Study Confirms Role of al-Aqsa Incitement in Terror Wave

YERUSHALAYIM -
A sampling of the Palestinian incitement campaign seen on social networks: The slogan reads: “If you won’t be for Yerushalayim, who will be?” It shows farewell letters written by terrorists on their way to stabbing attacks in Yerushalayim.
A sampling of the Palestinian incitement campaign seen on social networks: The slogan reads: “If you won’t be for Yerushalayim, who will be?” It shows farewell letters written by terrorists on their way to stabbing attacks in Yerushalayim.

The initial findings of a study on the current generation of Palestinian terrorists confirms charges that they have been acting on al-Aqsa-related incitement, as well as personal frustrations and social pressure.

The study, conducted by the Meir Amit Intelligence and Terrorism Information Center and released on Tuesday, said that the ongoing stabbings and shootings, in which 11 Israelis have been killed and hundreds injured, are the product of the general strategy of “popular resistance” adapted by the Palestinian Authority and Fatah at a meeting held in August 2009.

The strategy calls for violent demonstrations, rock-throwing, firebombing and stabbings; the occasional shootings are not part of the plan, but the Palestinian leadership has refrained from condemning them and are in fact supportive of them as well.

The Center’s research focused on 35 terrorists who carried out attacks in Yerushalayim and elsewhere in Israel in the past month. Twent-four of the subjects were apprehended during the crime, 11 of whom were wounded. They were responsible for 29 attacks, most of them in the capital or its environs.

Although their backgrounds differed, the Center’s experts were able to sketch an initial profile: Palestinian 17-19 years old, unmarried, with no prior terrorist record, no link to any existing terrorist organization, and a resident of east Yerushalayim. Most of the incidents were so-called “lone wolf” attacks, based on personal decisions, often spontaneously, without orders from any organization. The average terrorist was not acting out of religious motives, although he was influenced by incitement disseminated by various terror groups claiming that the Israelis are trying to harm or take over the al-Aqsa mosque.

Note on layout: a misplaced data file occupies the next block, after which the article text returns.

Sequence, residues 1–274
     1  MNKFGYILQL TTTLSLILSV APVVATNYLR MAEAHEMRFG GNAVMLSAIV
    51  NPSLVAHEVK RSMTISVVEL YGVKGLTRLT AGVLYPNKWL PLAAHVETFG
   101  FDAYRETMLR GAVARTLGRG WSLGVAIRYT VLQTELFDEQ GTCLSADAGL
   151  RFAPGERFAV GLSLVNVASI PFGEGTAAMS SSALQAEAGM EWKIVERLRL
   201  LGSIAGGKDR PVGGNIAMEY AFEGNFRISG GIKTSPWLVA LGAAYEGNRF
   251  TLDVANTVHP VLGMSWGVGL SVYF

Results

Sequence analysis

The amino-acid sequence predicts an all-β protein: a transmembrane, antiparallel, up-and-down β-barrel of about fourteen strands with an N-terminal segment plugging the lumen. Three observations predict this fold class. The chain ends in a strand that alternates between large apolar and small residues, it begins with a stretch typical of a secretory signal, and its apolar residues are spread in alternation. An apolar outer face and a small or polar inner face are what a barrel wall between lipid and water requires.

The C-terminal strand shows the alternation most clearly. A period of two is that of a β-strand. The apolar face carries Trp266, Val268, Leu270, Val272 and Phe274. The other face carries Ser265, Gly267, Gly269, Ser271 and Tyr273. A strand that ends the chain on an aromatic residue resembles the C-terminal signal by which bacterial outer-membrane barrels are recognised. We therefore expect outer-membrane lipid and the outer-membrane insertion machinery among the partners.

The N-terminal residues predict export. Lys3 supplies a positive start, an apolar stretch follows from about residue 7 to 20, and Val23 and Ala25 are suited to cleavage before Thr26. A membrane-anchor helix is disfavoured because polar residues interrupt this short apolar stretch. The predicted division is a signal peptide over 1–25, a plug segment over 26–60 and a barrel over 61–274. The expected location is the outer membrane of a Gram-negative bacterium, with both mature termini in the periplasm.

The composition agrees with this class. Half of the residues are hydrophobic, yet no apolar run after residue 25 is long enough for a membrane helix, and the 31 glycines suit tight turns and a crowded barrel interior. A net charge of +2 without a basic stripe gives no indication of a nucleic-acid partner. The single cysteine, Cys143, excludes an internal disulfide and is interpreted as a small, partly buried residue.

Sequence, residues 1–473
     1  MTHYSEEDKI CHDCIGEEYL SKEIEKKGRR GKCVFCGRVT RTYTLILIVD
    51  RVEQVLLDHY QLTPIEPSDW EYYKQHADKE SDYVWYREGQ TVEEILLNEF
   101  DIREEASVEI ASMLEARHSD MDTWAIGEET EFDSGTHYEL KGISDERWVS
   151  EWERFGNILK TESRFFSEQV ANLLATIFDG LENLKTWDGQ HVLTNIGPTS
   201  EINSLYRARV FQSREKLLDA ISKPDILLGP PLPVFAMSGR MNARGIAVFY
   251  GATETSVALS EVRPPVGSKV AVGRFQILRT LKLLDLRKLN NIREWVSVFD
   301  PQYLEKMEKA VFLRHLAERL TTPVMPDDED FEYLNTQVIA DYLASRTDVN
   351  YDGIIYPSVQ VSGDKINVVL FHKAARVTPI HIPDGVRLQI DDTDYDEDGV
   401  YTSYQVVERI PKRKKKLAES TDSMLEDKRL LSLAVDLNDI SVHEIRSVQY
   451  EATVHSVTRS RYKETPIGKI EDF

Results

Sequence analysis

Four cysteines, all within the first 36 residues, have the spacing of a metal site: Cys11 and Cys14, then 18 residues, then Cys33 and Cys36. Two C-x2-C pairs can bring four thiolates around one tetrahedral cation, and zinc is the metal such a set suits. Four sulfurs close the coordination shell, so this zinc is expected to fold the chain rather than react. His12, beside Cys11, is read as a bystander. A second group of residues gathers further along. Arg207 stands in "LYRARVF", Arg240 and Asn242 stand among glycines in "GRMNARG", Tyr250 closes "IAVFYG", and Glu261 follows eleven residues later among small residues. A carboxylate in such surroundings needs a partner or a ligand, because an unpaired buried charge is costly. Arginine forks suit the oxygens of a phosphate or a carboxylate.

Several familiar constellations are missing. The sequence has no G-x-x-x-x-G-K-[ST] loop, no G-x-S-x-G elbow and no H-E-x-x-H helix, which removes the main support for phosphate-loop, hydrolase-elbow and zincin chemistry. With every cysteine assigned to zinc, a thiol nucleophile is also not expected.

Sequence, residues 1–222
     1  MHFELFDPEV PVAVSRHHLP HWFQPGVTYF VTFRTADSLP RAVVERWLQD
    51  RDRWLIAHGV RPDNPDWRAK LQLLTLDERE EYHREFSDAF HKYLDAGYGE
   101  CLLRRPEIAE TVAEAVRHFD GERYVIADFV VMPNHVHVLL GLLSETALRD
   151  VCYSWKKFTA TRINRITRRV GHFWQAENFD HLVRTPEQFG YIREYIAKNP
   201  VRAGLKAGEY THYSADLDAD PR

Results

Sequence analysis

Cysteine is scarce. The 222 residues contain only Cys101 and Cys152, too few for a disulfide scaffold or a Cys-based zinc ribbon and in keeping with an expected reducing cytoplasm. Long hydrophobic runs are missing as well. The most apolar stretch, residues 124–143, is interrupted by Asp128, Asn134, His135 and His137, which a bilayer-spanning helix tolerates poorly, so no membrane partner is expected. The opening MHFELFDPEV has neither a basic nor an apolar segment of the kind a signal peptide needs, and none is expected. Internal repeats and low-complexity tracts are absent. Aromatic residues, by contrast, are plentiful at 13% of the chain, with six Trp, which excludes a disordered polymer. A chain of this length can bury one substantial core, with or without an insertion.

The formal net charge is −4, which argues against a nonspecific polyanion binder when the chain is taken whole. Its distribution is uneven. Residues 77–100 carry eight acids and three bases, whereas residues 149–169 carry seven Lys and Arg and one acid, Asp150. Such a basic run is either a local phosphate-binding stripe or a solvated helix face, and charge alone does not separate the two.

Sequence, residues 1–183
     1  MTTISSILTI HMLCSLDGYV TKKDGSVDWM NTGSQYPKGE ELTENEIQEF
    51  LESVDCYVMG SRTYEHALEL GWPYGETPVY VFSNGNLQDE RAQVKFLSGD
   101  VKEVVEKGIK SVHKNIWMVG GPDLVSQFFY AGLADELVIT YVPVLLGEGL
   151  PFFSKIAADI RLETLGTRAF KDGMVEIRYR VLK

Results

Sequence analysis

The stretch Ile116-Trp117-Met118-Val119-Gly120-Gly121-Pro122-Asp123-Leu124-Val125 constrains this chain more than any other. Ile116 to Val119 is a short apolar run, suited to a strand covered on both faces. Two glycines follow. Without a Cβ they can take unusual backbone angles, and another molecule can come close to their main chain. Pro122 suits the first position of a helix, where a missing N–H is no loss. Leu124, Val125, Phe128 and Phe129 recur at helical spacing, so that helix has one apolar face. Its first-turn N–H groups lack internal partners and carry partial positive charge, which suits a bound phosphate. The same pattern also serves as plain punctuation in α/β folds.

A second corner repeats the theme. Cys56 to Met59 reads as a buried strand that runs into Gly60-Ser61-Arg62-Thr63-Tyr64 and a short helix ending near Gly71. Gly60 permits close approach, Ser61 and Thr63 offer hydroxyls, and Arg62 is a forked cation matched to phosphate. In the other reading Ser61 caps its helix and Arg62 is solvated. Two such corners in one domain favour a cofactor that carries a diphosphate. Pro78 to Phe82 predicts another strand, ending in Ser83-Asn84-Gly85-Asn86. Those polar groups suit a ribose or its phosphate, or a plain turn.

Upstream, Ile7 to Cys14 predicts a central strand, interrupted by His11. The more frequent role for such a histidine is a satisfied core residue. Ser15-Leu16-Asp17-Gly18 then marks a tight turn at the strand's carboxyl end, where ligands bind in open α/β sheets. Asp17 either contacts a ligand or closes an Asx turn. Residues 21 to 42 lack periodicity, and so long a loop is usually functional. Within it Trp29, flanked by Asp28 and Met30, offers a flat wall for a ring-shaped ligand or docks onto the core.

The study noted certain differences between terrorists acting in Yerushalayim and central  Israel versus those in Yehudah and Shomron. The former group comes from east Yerushalayim, whereas the latter are chiefly from the Chevron area.

Another difference is age: The former group is 18 on the average; the latter 20.

During the current period, we have witnessed Palestinian youths entering spontaneously into deadly attacks in which they know their own lives may be taken (even though the chances of accomplishing their murderous aims are actually low), which are reminiscent in that respect to the suicide bombings of the second intifada.

This testifies to the depth of frustration and despair prevalent in the Palestinian youth. This generation did not experience the second intifada, but it grew up in the shadow of violence which characterizes such “popular resistance.” They are in despair over the so-called “Israeli occupation” and the failure of the Palestinian Authority to achieve an independent state through diplomatic means. Hence, they resort to violence.

The incitement to “defend” al-Aqsa against alleged Israeli usurpation exploits the fertile soil of frustration and despair, offering an outlet, however destructive.

The present research results are only partial, as they do not focus on terrorists in Yehudah and Shomron. The authors stress that data on that group could well provide a different profile.